Kants Modell kausaler beziehungen. Zu Watkins' Kant and the metaphysics of causality

Kant-Studien 102 (3):367-384 (2011)
Abstract
Eric Watkins argues that according to Kant, causation is not a relation between two events, but a relation between the “causality” of a substance and an event. It is shown that his arguments are partly based on a confusion between causation and interaction. Further, Watkins claims that for Kant, causes cannot be temporally determined. If this were true, it would follow that there can be no causal chains, and that all factors that determine the time when an effect occurs do not belong to its cause. However, it is not true. In order to understand Kant, one must distinguish between causation, action, and interaction. When two substances interact, each of them does something (an event), which causes something to happen to the other one
Keywords No keywords specified (fix it)
Categories No categories specified
(categorize this paper)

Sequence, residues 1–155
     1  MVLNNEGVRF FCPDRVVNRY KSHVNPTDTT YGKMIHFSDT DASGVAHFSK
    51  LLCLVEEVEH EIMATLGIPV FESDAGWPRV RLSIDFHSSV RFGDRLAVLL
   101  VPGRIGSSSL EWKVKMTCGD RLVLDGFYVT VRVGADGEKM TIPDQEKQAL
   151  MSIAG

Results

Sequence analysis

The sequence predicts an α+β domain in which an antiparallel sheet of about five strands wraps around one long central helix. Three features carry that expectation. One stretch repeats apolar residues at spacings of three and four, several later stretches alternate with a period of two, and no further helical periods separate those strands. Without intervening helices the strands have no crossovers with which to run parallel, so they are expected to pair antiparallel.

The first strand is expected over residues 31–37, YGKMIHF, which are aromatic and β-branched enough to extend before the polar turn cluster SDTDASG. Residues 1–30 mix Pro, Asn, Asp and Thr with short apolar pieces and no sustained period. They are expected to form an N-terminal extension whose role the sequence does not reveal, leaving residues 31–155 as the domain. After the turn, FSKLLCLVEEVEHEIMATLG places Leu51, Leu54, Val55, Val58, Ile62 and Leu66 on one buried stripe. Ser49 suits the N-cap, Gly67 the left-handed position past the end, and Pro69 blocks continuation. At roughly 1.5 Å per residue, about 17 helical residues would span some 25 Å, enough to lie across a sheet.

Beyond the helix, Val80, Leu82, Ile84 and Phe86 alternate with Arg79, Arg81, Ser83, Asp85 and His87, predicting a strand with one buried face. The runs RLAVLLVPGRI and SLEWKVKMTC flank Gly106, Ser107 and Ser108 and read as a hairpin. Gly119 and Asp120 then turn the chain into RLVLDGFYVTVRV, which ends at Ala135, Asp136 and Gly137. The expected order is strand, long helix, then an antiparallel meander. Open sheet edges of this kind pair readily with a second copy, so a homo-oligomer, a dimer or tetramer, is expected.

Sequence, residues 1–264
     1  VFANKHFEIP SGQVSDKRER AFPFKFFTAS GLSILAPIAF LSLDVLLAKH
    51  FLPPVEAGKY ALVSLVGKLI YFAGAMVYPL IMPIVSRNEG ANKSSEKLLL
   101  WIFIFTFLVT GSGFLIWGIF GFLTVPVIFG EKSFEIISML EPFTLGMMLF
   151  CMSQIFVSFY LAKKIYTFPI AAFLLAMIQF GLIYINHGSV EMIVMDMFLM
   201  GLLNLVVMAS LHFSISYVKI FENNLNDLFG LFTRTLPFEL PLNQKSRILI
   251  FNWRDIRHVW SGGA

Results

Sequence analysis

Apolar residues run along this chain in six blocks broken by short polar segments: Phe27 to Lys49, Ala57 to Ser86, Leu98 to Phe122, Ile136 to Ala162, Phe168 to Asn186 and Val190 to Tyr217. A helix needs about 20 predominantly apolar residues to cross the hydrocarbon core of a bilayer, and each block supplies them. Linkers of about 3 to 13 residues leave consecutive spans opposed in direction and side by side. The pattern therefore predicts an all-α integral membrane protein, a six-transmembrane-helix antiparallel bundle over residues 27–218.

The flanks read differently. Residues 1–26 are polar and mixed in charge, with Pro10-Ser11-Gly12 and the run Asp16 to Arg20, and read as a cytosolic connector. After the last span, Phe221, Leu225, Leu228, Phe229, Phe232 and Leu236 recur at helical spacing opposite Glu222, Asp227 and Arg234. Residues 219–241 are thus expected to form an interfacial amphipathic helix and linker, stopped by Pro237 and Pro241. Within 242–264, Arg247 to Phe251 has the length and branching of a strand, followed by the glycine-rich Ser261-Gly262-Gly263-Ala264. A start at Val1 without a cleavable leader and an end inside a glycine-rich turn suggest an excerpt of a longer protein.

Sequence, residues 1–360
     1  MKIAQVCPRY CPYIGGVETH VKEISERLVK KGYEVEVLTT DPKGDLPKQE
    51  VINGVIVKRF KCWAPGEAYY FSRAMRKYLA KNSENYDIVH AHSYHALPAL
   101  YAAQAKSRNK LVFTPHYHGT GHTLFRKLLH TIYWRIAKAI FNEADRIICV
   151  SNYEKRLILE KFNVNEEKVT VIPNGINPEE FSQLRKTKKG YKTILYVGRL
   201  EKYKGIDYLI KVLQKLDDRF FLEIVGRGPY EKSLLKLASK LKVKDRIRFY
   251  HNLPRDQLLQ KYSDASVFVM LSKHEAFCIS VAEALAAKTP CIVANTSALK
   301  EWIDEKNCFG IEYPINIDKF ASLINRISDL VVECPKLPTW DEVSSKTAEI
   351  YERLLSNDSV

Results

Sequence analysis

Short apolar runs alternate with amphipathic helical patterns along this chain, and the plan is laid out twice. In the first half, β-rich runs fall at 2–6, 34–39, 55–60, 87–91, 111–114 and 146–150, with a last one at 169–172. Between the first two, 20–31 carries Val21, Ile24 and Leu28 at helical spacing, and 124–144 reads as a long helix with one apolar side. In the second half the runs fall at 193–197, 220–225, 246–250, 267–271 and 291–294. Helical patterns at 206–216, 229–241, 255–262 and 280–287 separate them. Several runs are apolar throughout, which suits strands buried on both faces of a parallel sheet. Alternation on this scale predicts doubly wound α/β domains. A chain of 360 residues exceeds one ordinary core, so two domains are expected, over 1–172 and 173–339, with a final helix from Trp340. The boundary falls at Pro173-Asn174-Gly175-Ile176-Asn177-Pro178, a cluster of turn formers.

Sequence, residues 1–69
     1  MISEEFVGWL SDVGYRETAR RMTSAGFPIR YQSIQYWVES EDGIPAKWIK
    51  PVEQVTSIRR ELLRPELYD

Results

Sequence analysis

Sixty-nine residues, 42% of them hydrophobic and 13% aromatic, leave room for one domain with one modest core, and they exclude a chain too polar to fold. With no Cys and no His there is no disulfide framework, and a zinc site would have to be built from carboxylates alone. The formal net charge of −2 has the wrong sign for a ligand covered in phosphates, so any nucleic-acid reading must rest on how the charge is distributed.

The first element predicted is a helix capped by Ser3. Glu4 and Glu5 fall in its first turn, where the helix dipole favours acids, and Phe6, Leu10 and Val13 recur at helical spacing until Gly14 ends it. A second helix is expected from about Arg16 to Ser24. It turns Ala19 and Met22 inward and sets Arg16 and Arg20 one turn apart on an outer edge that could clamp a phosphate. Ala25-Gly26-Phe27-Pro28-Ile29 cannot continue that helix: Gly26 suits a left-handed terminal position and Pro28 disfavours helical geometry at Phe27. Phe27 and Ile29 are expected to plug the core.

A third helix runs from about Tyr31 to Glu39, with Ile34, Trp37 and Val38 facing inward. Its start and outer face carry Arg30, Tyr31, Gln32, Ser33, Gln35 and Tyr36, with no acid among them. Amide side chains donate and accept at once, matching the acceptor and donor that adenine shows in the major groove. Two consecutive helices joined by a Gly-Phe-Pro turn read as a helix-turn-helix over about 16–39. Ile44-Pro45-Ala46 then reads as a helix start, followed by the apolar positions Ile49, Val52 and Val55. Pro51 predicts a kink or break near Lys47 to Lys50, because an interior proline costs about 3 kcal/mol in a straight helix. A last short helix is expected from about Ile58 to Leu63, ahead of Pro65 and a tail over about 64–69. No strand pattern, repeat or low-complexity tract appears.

Options
 Save to my reading list
Follow the author(s)
My bibliography
Export citation
Find it on Scholar
Edit this record
Mark as duplicate
Revision history Request removal from index
 
Download options
PhilPapers Archive


Upload a copy of this paper     Check publisher's policy on self-archival     Papers currently archived: 9,357
External links
  • Through your library Configure
    References found in this work BETA

    No references found.

    Citations of this work BETA

    No citations found.

    Similar books and articles
    Jay F. Rosenberg (1998). Kant and the Problem of Simultaneous Causation. International Journal of Philosophical Studies 6 (2):167 – 188.
    Analytics

    Monthly downloads

    Added to index

    2011-09-07

    Total downloads

    18 ( #78,273 of 1,088,400 )

    Recent downloads (6 months)

    3 ( #30,936 of 1,088,400 )

    How can I increase my downloads?

    My notes
    Sign in to use this feature


    Discussion
    Start a new thread
    Order:
    There  are no threads in this forum
    Nothing in this forum yet.